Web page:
Guest & Contest: Kaily Hart

Naming Characters

I’m not sure how other writers view naming characters, but for me it’s absolutely key to get a character’s name just right. Names are a strange thing and are very personal. Certain names carry connotations (good or bad) for people based on their own history and experiences. For instance…I couldn’t read a book where the heroine’s name was Lorraine. That was my mother’s name and I just…couldn’t LOL. And I couldn’t write a book that had a character of that name either. The same is true for the names of a multitude of family members and close friends. Along with the boy who used to tease me every day on the school bus. Or the mother of one of my friends who used to walk around her front yard in curlers. Or the manager I had at my first job. Or the name of the dog next door. Or my own middle name. And on and on. LOL. Never, in a million years, could I write any book using any of these names for the hero and heroine. I’m not sure I could get past my own preconceived ideas and what those names mean to me. And I’m not sure I could get the image of that person out of my head to delve deep enough into the character they needed to be. So…needless to say, I have a long list of names I’ll never use in my books.

There are many sources of character names out there. I actually keep a file of names I’ll probably use someday in one of my books, but some of my favorite sources are show/movie credits, baby name books, common name lists online and even Facebook! I’ve also been known to scour editorial credits in magazines.

Along with making sure of that ‘magical fit’, I have some simple rules I try to follow when naming characters:

  • It must be easy to spell and pronounce.
  • It must not be so exotic that it’s ‘weirdness’ would pull a reader out of the story.
  • It has to fit the location/time period/’feel’ of the book.
  • The heroine’s name has to be complementary with the hero’s. You know, in case they want to make it official.  🙂

So…what about you? How does a character’s name affect your reading experience, if at all? Are there some names that you just can’t read? Authors, what thought process do you put into character names?
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About Kaily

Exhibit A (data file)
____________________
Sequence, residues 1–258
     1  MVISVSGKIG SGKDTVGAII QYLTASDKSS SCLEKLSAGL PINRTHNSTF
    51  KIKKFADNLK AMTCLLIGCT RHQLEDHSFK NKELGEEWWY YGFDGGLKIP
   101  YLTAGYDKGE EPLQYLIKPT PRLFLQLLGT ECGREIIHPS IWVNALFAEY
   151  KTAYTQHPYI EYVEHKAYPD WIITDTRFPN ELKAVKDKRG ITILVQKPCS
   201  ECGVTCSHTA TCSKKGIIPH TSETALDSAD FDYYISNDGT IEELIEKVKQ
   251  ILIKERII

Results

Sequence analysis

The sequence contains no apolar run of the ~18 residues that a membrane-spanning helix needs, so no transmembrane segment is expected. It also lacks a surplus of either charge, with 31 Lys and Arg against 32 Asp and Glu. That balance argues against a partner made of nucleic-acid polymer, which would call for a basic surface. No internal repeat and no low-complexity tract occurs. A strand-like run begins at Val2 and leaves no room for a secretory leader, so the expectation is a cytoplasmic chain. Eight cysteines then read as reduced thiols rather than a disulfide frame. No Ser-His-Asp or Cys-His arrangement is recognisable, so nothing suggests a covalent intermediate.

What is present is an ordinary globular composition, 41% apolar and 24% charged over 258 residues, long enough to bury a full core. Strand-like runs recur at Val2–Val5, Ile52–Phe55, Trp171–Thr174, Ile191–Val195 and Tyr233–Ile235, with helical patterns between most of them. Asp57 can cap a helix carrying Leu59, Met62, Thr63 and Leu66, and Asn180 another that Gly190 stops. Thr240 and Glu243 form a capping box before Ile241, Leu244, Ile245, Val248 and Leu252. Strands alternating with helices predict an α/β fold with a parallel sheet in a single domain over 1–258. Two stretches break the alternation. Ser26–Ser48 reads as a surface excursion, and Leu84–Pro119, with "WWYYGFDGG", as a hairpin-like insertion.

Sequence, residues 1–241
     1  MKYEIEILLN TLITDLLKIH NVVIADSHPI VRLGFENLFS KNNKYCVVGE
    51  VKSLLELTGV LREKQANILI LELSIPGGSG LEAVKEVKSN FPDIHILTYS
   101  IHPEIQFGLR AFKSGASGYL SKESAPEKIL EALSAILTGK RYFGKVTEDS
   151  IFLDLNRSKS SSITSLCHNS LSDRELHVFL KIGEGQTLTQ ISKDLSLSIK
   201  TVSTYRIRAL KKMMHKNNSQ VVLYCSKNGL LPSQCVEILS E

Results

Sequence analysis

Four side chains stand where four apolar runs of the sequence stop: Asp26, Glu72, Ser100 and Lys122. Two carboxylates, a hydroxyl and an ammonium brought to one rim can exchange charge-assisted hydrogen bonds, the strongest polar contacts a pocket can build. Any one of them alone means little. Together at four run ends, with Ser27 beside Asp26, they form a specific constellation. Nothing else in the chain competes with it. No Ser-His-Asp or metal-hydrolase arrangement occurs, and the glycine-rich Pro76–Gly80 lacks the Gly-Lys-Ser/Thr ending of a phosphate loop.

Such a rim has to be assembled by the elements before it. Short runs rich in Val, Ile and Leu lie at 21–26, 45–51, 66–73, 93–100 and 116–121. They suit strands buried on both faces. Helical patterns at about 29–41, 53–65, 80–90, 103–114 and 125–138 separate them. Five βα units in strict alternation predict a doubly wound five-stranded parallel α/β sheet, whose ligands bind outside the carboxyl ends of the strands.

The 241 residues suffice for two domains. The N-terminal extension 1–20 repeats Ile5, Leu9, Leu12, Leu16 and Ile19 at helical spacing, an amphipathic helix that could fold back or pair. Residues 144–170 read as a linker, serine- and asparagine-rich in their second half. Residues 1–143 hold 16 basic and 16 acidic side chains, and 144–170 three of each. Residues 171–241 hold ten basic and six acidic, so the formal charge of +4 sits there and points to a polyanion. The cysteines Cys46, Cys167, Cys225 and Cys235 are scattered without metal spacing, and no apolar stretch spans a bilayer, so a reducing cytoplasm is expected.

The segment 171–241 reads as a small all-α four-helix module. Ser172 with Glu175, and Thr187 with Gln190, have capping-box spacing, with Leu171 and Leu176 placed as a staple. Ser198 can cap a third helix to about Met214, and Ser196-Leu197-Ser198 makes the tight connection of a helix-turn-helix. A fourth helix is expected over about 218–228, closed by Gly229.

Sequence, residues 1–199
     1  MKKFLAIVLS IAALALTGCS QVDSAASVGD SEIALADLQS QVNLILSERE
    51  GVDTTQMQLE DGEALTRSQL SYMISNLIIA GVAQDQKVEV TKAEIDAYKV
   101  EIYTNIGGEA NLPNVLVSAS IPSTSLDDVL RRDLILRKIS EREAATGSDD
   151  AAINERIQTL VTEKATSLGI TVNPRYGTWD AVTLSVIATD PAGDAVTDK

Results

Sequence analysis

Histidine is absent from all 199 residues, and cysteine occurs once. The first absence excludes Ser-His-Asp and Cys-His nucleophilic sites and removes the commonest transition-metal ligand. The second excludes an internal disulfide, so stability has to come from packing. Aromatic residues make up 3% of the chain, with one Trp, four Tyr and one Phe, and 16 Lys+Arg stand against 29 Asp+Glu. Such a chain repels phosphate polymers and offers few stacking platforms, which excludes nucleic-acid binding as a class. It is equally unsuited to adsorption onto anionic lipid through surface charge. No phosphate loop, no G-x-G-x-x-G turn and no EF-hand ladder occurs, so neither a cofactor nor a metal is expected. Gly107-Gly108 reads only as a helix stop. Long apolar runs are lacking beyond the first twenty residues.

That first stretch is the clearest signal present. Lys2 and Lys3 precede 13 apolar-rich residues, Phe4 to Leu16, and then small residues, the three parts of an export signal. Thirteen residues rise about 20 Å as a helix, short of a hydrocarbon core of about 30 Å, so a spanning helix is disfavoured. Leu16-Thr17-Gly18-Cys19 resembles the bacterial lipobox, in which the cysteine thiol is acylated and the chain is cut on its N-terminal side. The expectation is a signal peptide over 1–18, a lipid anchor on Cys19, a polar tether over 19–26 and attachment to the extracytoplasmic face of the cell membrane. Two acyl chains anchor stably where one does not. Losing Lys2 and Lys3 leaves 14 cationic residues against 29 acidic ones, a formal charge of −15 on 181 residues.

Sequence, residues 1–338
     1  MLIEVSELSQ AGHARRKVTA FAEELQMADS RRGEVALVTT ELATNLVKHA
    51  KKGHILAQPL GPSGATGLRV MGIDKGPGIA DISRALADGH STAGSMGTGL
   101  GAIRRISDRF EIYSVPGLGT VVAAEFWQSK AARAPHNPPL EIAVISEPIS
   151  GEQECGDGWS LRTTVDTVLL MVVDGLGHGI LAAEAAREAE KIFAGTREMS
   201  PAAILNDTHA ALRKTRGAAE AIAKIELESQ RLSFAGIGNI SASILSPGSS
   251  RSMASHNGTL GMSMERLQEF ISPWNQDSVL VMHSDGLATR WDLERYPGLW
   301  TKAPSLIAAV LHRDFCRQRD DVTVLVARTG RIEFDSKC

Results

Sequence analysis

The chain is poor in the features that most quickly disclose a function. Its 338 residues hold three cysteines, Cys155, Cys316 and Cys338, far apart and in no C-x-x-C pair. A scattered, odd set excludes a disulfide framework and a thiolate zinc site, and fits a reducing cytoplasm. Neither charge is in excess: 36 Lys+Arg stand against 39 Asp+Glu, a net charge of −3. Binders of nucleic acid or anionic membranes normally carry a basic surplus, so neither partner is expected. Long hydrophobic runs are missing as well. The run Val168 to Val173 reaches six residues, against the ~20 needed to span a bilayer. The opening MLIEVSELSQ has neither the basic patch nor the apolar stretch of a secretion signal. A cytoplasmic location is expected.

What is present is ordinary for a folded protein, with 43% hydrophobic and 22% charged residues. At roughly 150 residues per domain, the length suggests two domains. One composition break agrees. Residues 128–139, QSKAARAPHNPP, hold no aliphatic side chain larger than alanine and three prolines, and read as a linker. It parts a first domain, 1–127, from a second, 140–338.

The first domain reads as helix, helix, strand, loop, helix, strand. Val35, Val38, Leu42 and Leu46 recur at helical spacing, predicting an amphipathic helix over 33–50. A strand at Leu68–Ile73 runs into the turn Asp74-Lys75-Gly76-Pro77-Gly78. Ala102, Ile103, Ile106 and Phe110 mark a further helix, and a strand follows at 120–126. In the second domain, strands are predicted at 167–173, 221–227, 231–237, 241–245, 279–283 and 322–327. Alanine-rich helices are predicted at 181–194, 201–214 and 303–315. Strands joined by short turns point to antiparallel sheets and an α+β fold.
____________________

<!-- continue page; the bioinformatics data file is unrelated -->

Kaily Hart, a seemingly straight-laced mother of four, left corporate America and a high-powered, lucrative career to be a stay at home mom. Right… That lasted about four weeks, during which time she realized she had a deeply repressed dream—to write. And (gasp) romance at that! Who knew? By day, Kaily plays conservative wife and soccer mom, but at night crafts hot and steamy tales of romance and love with gorgeous heroes who wouldn’t dream of leaving the toilet set up. Ever. She’s smart and sassy, at least in her own mind, and is creating as many happy ever afters as she can, one hot story at a time. Kaily never would have thought she’d be doing this, but now that she is? Well, you couldn’t pay her enough to do anything else.

You can find out more information about all Kaily’s books here and read more about her latest release, RISE OF HOPE here.

If anyone would want to contact me (which I would love by the way) or just keep up with what I’m doing, you can find me all over:

Web – www.kailyhart.com
Blog – http://kailyhart.blogspot.com/
Facebook – http://www.facebook.com/kaily.hart
Twitter – http://twitter.com/kailyhart
Pinterest – http://pinterest.com/kailyhart/

 






11 thoughts on “Guest & Contest: Kaily Hart

  1. For me, it all depends on what I am writing. Like you, I don’t think I could use the names of family or friends. It would just weird me out — especially when writing a sex scene!

    For contemporary stuff, I’ll draw from film, tv and everyday life. For scifi and fantasy, however, I’ll scour behindthename.com (my FAV place for names) for HOURS and HOURS finding that *perfect* name. And my perfect, I mean not only does it sound right for the story but the meaning goes with the character.